412 F2d 1005 Becton v. United States

412 F.2d 1005

Major BECTON and Roosevelt Becton, Appellants,
UNITED STATES of America, Appellee.

No. 18955.

United States Court of Appeals Eighth Circuit.

June 27, 1969.

Harry Roth, Clayton, Mo., and Samuel Raban, St. Louis, Mo., for appellants.

Philip Wilens, Atty., Department of Justice, Washington, D.C., Veryl L. Riddle, U.S. Atty., and Robert H. Kubie, Asst. U.S. Atty., St. Louis, Mo., for appellee.

Before BLACKMUN, GIBSON and LAY, Circuit Judges.

BLACKMUN, Circuit Judge.

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In the first count of a two-count indictment Major Becton, then age 23, was charged with a violation of 26 U.S.C. 4744(a) in that, on or about January 31, 1967, being a transferee required to pay the transfer tax imposed by 26 U.S.C. 4741(a), and not being registered with the Secretary of the Treasury or his delegate, and not having paid the tax imposed by 4741(a), he unlawfully acquired at Saint Louis, Missouri, a specified quantity of marijuana. The second count jointly charged Major Becton and his brother, Roosevelt Becton, then age 25, with a like offense on or about February 9, 1967.


With retained counsel, the defendants entered pleas of not guilty. Their motion for a severance was denied. At the ensuing jury trial in June 1967 both defendants testified. Major's defense on the first count was entrapment (he conceded making the sale) and on the second count was non-possession. Roosevelt's defense was mistaken identity and an alibi, with the intimation that it was a third brother, Stanley, who was in the bar-restaurant at the time of the February incident. However, each was convicted on the counts or count on which he was charged. The district court gave Major a 3-year sentence on each of the counts, the sentences to run concurrently. It gave Roosevelt a 2-year sentence. Both defendants appeal.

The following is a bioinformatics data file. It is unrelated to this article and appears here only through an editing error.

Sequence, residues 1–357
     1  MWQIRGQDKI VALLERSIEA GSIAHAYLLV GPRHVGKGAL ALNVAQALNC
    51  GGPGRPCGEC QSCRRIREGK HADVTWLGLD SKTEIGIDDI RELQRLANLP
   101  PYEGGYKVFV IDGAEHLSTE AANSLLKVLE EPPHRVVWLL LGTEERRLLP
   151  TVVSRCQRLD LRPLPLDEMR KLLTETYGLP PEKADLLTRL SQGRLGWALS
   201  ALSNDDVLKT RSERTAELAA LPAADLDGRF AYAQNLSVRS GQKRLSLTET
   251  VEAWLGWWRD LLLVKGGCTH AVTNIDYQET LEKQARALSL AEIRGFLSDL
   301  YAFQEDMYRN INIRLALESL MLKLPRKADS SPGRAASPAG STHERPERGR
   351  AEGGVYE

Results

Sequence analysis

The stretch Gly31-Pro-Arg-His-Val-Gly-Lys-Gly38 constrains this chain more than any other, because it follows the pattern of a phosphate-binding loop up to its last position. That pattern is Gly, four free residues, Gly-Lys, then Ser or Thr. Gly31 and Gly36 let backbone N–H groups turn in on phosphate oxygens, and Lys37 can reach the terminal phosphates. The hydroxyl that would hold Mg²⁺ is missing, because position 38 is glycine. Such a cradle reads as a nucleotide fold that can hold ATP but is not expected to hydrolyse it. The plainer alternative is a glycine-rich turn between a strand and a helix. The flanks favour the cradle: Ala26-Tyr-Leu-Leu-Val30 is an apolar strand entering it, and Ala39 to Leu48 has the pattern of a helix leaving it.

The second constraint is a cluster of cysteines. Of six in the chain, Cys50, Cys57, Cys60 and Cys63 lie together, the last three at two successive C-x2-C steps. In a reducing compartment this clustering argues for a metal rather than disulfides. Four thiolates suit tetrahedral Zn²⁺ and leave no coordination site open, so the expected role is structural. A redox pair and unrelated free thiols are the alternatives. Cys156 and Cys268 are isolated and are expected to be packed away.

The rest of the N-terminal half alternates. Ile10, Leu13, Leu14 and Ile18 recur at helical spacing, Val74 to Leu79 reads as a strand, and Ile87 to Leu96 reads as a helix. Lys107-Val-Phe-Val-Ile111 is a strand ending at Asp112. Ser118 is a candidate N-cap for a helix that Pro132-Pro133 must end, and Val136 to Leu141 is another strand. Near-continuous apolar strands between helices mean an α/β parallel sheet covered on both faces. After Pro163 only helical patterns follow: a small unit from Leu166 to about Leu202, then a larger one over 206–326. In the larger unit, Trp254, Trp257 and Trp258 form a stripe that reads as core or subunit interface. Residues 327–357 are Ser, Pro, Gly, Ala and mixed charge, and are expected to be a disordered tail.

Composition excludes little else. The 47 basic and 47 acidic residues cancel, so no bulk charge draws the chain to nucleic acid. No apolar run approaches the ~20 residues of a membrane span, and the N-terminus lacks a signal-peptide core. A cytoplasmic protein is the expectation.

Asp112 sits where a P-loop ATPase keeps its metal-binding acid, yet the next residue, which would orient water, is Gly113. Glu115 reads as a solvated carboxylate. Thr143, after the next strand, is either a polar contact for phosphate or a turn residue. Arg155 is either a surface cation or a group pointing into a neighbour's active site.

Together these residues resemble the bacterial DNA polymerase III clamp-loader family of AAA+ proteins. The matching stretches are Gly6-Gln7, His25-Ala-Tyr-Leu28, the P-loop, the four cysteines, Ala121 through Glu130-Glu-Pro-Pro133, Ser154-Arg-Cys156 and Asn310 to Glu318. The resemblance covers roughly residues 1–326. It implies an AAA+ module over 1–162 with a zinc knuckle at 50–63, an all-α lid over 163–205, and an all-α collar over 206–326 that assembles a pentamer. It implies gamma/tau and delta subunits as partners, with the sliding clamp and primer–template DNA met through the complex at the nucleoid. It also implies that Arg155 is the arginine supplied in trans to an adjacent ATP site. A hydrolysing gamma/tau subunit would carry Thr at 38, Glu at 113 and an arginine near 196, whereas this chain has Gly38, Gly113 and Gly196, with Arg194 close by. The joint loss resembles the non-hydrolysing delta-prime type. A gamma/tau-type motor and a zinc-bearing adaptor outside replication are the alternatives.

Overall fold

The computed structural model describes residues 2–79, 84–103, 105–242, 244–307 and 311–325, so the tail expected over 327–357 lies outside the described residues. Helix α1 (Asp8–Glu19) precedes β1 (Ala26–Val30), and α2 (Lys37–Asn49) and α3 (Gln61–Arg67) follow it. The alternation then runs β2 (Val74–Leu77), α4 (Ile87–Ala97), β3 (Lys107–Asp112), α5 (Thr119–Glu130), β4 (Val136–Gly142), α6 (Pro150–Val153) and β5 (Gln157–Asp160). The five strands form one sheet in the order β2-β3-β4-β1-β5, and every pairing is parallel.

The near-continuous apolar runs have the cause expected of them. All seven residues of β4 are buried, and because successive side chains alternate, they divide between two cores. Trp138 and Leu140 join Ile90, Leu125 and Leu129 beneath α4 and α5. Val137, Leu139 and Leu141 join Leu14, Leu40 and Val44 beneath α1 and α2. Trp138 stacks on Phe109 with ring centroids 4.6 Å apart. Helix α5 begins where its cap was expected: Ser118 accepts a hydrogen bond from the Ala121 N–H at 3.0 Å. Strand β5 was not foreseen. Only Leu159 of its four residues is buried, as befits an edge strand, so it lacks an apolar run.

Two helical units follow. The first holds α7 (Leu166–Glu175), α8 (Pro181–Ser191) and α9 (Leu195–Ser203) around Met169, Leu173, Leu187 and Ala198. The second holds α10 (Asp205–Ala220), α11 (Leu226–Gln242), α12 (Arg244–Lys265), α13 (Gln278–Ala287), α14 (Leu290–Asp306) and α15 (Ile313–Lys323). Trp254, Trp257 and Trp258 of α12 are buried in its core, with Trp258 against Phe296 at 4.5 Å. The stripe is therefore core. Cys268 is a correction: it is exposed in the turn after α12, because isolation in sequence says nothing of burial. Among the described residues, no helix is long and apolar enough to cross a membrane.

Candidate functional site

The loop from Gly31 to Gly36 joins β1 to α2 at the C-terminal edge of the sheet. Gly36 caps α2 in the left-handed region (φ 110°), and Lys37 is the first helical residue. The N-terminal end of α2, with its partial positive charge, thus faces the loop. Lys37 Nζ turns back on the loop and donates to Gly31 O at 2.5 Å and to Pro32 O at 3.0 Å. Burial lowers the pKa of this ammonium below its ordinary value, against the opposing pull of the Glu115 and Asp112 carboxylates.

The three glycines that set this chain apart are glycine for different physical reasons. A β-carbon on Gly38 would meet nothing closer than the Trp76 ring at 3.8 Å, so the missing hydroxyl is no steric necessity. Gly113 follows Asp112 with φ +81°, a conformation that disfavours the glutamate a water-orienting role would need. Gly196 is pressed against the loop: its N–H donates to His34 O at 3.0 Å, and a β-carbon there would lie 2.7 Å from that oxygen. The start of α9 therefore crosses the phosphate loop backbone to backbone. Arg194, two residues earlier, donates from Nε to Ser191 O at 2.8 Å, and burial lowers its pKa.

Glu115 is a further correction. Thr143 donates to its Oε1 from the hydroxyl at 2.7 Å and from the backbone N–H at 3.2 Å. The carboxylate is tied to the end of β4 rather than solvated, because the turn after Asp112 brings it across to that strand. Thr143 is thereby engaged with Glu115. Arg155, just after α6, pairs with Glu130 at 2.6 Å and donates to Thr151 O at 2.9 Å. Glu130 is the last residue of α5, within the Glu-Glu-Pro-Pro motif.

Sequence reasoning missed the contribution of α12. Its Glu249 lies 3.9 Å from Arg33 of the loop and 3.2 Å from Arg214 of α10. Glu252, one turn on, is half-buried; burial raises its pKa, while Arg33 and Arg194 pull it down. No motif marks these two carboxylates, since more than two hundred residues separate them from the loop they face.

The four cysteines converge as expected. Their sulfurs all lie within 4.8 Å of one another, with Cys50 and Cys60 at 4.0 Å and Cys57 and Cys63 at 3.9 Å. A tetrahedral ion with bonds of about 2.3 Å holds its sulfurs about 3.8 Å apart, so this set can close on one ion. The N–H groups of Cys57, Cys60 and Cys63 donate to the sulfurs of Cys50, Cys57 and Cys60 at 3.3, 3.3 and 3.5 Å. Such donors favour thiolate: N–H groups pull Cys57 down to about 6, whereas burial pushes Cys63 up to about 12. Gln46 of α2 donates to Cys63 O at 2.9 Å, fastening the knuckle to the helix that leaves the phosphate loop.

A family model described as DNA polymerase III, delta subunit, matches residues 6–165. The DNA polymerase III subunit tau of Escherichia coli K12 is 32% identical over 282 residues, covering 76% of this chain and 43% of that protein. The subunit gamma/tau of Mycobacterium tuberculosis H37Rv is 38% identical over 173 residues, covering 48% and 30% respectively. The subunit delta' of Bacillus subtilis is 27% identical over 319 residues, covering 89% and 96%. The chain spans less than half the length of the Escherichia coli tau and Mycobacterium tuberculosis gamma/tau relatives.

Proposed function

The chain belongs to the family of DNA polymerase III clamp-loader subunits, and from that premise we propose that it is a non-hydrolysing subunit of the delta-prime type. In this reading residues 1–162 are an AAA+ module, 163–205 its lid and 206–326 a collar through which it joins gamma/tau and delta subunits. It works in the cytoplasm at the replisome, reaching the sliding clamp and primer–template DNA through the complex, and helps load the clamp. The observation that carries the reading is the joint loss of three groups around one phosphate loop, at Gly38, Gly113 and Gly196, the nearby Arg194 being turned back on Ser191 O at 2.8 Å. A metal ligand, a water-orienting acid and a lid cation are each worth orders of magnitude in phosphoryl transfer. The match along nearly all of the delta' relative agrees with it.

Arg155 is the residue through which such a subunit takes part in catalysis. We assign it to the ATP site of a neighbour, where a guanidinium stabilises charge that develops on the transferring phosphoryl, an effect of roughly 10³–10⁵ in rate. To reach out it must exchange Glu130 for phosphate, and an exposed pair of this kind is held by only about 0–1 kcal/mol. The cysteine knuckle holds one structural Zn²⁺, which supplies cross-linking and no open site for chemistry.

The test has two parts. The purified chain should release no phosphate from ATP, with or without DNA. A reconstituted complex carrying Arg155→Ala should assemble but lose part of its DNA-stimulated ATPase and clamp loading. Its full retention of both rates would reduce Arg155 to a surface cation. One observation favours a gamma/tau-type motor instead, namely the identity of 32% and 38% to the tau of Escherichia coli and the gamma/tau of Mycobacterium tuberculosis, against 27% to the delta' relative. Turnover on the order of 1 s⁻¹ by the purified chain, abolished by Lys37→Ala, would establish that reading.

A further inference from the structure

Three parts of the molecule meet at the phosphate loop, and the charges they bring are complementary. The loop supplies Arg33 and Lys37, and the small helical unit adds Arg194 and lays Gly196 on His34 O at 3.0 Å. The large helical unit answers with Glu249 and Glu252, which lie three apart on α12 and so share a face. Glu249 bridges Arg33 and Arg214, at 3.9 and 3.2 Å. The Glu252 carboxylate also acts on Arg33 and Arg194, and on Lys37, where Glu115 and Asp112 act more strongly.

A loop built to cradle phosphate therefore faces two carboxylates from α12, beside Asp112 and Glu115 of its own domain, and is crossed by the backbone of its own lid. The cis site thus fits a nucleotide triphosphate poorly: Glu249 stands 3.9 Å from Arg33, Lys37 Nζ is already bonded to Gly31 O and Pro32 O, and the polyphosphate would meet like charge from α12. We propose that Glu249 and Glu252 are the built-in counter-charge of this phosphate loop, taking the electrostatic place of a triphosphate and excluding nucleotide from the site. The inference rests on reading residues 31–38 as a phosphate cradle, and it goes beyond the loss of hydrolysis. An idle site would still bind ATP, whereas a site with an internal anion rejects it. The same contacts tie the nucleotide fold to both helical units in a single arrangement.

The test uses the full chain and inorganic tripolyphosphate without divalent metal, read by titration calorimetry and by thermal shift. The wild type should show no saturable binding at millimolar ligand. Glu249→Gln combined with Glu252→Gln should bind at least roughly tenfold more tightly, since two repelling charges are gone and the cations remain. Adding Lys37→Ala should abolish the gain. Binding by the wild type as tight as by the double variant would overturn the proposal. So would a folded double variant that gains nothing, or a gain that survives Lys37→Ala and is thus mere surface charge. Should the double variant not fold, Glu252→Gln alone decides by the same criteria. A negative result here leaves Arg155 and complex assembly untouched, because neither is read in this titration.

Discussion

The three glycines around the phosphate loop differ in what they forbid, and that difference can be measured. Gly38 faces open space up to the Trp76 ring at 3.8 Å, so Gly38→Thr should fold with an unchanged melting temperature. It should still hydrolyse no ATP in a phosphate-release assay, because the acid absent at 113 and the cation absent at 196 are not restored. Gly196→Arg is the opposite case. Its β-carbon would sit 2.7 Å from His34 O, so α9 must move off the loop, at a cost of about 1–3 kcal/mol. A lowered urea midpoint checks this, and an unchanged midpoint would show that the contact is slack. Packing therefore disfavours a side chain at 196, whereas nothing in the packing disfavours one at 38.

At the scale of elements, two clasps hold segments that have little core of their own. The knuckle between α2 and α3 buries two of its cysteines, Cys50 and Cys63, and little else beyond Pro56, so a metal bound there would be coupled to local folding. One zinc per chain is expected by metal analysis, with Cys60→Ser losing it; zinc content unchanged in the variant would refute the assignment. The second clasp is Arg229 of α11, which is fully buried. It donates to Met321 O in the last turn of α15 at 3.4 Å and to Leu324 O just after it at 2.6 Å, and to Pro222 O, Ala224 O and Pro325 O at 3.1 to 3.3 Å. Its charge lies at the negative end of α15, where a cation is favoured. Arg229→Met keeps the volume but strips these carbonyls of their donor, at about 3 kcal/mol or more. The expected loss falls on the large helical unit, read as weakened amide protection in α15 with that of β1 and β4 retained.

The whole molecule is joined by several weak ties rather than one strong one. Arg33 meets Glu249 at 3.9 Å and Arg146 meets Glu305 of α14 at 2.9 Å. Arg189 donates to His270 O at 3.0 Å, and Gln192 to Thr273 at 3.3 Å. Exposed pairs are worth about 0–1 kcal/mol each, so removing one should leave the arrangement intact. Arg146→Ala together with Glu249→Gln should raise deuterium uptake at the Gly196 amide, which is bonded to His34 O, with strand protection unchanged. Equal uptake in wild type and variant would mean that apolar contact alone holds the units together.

The Bectons have been at large on bonds pending their appeal. Within a month after the case was argued orally to us the Supreme Court, 392 U.S. 903, 88 S.Ct. 2058, 20 L.Ed.2d 1362 (1968), granted certiorari as to certain constitutional issues present in Leary v. United States, 383 F.2d 851 (5 Cir. 1967) (and 392 F.2d 220 (5 Cir. 1968)). Later, it noted probable jurisdiction in United States v. Covington, 282 F.Supp. 886 (S.D.Ohio 1968), and set that case for argument immediately following Leary. 393 U.S. 910, 89 S.Ct. 238, 21 L.Ed.2d 197 (1958). Because of the identity of the constitutional issue which the Bectons argue to us with a constitutional issue present in both Leary and Covington, we deferred decision here until the Supreme Court had heard and decided the Leary and Covington cases. Those cases have now come down, Leary v. United States, 395 U.S. 6, 89 S.Ct. 1532, 23 L.Ed.2d 57 (1969), and United States v. Covington, 395 U.S. 57, 89 S.Ct. 1559, 13 L.Ed.2d 94 (1969), and we are in a position to rule upon the Bectons' appeal.


The defense here urges (1) entrapment with respect to Major Becton and the first count; (2) the insufficiency of the evidence with respect to Major and the second count; (3) the deprival of a fair trial on stated procedural, non-witness-producing, court comment, and instructional grounds; and (4), because of self-incrimination aspects, the Fifth Amendment unconstitutionality of 4741(a) and 4744(a).


We turn at once to the constitutional issue.


The defense concedes that unconstitutionality was not urged in the trial court. This immediately raises the question of waiver. Inasmuch as there is no factual dispute about the issue's being ignored at the trial level, 'the question whether the privilege (against self-incrimination) has been waived * * * is one of law * * *.' United States v. Covington, supra (395 U.S. at 60, 89 S.Ct. p. 1561).